The Republican primary race has taken on the pattern of World War I, without the mindless slaughter of course. It began in unpredictable fashion, with great lurches back and forth, but has settled into an immutable slog. (Slog seems to be the most common description of the race, and also a term frequently applied to the Great War.) The ultimate victor has, by this point, become obvious to all sides. The only real question now is when he will win, and on what terms.
Mitt Romney wants to win in progressively stronger fashion, ending the competitive portion early, forcing his opponents from the race and beginning his general election as soon as he can. Rick Santorum surely knows he can’t win, but he has a chance to hold Romney short of an outright majority of delegates and force some kind of bargaining at the convention. (Santorum’s highest goal might be a place as Romney’s vice-president, a concession Romney would surely rather avoid.)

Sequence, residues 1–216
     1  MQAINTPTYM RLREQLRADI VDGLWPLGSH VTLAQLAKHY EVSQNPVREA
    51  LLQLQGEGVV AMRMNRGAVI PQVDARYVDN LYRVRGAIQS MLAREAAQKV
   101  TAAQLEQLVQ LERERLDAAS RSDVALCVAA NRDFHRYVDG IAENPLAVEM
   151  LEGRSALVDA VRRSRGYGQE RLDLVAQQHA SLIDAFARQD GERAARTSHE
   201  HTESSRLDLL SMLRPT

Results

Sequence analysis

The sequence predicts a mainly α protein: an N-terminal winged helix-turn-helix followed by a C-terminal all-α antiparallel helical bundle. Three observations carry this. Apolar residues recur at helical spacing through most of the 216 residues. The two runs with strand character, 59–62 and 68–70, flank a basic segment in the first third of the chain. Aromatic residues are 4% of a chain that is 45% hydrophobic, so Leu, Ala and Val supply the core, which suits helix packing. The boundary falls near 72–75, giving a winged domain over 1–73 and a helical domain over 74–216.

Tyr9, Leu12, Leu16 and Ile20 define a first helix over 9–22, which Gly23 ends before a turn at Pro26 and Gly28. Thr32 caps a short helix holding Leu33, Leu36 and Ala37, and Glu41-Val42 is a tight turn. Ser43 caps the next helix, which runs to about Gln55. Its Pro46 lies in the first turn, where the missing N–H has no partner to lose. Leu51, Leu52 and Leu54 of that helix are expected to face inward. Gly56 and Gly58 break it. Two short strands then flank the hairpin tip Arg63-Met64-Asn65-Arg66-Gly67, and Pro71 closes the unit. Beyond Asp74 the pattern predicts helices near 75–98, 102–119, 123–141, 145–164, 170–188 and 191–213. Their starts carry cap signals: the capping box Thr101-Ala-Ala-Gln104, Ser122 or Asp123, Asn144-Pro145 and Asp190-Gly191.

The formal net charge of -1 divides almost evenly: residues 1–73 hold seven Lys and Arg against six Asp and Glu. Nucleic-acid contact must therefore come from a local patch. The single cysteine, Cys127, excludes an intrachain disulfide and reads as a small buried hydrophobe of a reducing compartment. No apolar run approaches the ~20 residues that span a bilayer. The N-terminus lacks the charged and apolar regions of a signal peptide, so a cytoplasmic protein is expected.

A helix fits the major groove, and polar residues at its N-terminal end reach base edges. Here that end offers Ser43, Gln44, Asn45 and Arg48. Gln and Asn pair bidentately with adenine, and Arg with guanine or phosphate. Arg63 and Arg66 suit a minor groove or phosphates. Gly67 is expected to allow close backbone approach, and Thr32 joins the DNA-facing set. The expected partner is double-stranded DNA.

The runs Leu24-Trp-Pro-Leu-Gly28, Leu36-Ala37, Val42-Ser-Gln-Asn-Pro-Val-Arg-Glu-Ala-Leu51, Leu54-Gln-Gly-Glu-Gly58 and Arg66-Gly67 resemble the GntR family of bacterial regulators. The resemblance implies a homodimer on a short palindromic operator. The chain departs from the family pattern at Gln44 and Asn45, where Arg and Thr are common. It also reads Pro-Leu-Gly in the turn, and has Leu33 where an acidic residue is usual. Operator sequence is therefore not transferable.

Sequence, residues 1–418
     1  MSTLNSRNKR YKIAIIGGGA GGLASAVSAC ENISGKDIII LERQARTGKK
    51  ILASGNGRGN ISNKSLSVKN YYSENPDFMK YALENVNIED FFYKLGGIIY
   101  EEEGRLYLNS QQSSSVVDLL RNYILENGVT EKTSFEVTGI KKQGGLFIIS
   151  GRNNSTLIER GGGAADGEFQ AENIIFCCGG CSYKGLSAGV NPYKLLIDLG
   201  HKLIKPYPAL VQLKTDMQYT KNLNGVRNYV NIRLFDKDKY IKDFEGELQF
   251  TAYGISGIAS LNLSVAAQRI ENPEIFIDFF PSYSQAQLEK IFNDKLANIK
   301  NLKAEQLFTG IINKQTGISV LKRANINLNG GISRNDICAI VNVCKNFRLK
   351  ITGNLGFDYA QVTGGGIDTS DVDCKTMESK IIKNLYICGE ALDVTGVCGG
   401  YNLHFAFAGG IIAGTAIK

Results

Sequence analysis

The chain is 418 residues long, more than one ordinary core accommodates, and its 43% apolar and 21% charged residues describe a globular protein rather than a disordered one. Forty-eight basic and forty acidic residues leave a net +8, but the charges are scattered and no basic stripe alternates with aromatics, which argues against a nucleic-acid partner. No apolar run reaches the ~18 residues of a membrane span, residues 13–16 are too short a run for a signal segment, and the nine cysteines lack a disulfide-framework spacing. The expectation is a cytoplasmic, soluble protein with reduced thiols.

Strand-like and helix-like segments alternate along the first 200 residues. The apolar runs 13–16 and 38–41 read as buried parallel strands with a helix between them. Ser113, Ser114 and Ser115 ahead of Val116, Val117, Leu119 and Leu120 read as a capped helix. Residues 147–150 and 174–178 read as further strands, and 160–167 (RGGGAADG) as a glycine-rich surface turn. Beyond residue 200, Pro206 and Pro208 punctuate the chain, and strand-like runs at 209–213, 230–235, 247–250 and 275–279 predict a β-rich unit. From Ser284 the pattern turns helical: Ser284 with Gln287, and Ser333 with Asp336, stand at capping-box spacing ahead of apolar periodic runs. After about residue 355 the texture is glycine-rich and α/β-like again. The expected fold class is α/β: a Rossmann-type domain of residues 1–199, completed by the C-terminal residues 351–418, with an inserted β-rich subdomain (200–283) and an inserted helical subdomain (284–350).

Each new vote matters primarily to the degree that it alters, however slightly, the trajectory of the race, bending it just a bit toward a Romney blowout or a Santorum stalemate. In Illinois, he appears to be running ahead of the trend, on pace for an apparent double-digit victory. Yet even a relatively smooth procession of Romney victories would still likely allow him to clinch the nomination only after the final primary, in Utah, in late June.
If that is the case, we are still closer to the beginning of the primaries than to the end. Truly this is a chilling thought.